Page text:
Author and screenwriter Chuck Pfarrer says his still unreleased book, “Seal Target Geronimo,” is based on interviews of the elite SEAL team involved in the May 2 raid. The Pentagon said it could not confirm the participation of SEALs in Pfarrer’s reporting, but according to CNN, U.S. Special Operations Command has asked the troops whether they had been interviewed by the author. All claimed they had not, CNN reported.

Pentagon still figuring out "doomsday" specifics

WASHINGTON – The Defense Department will talk to Congress about specific consequences if the dreaded “doomsday mechanism” of automatic spending cuts kicks in, but not all the calculations of precise effects are ready just yet, a spokesman said Friday.

“The process that has been underway so far has been a strategy-driven process, and all the i’s have not been dotted and the t’s crossed on that process,” Pentagon press secretary George Little said.

Iraq troop numbers now falling quickly

WASHINGTON – The number of U.S. troops in Iraq has fallen to about 34,000, and only 12 American bases are still operating, Maj. Gen. Thomas Spoehr, deputy commanding general of U.S. Forces-Iraq, said Thursday.

While the number of bases has been falling steadily for months, dropping from around 45 in August, troop numbers have now begun to decline in earnest, decreasing by about 7,000 in the last three weeks.

Congress approves disability pay raise for veterans

WASHINGTON — House lawmakers this week backed a 3.6 percent increase in veterans disability compensation for the coming year, sending the measure to the White House for final approval.

If signed into law – and the president is expected to do that in the next few days – the measure would mark the first cost-of-living adjustment for disabled veterans since 2008. The hike reflects an increase in the consumer price index, which gauges inflation increases for the coming year.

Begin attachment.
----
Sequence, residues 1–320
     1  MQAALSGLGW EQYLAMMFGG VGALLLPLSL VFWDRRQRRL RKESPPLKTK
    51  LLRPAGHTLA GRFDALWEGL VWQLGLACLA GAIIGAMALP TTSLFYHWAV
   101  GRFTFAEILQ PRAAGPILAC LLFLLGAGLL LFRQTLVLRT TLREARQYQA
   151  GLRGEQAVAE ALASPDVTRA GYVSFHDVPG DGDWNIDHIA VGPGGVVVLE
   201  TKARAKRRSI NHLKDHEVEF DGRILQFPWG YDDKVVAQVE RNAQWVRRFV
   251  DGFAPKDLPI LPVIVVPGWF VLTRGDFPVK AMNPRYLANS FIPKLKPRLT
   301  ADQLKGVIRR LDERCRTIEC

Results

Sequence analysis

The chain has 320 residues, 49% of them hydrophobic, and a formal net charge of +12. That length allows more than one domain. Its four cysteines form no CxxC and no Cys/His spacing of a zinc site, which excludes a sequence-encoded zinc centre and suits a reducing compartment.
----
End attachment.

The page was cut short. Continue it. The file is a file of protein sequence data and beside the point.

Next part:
Commandant: Wear blue trousers to birthday ball

WASHINGTON -- Many Marine units will hold the Marine Corps Birthday Ball on Sunday, meaning those Marines are facing an important question: What pants to wear.

Sunday also happens to mark the fall time change, when Marines change from their summer to winter uniforms. That can be a conundrum for Marines, who have to figure out whether to wear the white or blue trousers with the dress blue uniforms.

Keys to preventing suicide: End the stigma, get better data

Stigma and a lack of good data are making it harder for the United States to combat the scourge of suicides among military members and veterans, according to a report released this week by the Center for a New American Security.

“I have no idea how many [veterans] die by suicide each day,” Jan Kemp, national mental health program director for the U.S. Department of Veterans Affairs, said at a forum introducing the report. “You’ve seen [the statistic], 18 a day. Honestly I don’t know how correct we are. It’s our best guess right now.”

Pentagon: Afghan security handover to continue despite violence

WASHINGTON – Though Pentagon officials say an upsurge in attacks won’t stop the ongoing handover of security responsibilities to Afghan forces, there are signs the bloodshed may be giving the Afghans themselves second thoughts.

Rising violence has plagued Kabul recently, including a Saturday attack that killed 17 people – five NATO troops and eight civilians – who had been riding in an armored NATO bus.

Fort Monroe to become a national park

WASHINGTON – President Barack Obama this morning designated former Army base Fort Monroe as a national monument, saying the move will preserve an important piece of American history and help bring new jobs to Virginia.

About 570 acres of the base, closed last month, would be set aside in a historic landmark district. Plans call for the preservation of the majority of the buildings left on the base and related improvements to create a full national park there, the 22nd in Virginia and 396th nationwide.